They drank and then, to Maud's surprise, Ethel spoke. "It falls to me to propose the toast to the groom," she said as if she had been making speeches all her life. How had a servant from Wales acquired such confidence? Then Maud remembered that her father was a preacher and a political activist, so she had an example to follow.

"Lady Maud is different from every other woman of her class I have ever met," Ethel began. "When I started work as a maid at Tŷ Gwyn, she was the only member of the family who even noticed me. Here in London, when young unmarried women have babies, most respectable ladies grumble about moral decay-but Maud offers them real practical help. In the East End of London, she is regarded as a saint. However, she has her faults, and they are grave."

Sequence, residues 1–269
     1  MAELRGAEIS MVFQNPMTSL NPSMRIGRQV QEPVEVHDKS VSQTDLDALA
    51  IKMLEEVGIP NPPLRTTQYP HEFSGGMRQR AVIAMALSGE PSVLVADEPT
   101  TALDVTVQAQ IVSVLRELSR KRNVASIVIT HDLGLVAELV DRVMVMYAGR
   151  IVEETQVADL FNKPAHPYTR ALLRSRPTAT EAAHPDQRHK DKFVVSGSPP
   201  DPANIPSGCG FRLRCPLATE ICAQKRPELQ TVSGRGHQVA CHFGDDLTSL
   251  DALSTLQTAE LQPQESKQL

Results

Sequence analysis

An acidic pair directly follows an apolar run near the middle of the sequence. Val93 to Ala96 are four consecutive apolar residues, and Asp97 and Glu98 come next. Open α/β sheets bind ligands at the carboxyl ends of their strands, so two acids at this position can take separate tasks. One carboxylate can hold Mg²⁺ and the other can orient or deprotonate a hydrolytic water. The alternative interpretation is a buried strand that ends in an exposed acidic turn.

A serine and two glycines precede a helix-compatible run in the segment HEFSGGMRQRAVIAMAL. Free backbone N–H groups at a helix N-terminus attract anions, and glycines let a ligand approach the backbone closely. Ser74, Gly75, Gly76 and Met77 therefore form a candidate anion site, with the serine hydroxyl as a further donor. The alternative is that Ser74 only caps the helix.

Maud thought: What now?

"She is too serious to attract a normal man," Ethel went on. "All the most eligible men in London have been drawn to her by her striking good looks and vivacious personality, only to be frightened away by her brains and her tough political realism. Some time ago I realized it would take a rare man to win her. He would have to be clever, but open-minded; strictly moral, but not orthodox; strong, but not domineering." Ethel smiled. "I thought it was impossible. And then, January, he came up the hill from Aberowen in the station taxi and walked into Tŷ Gwyn, and the wait was over." She raised her glass. "To the groom!"

They all drank again, then Ethel took Robert's arm. "Now you can take me to the Ritz for dinner, Robert," she said.

Walter seemed surprised. "I assumed we would all have dinner together here," he said.

Ethel gave him an arch look. "Don't be daft, man," she said. She walked to the door, drawing Robert with her.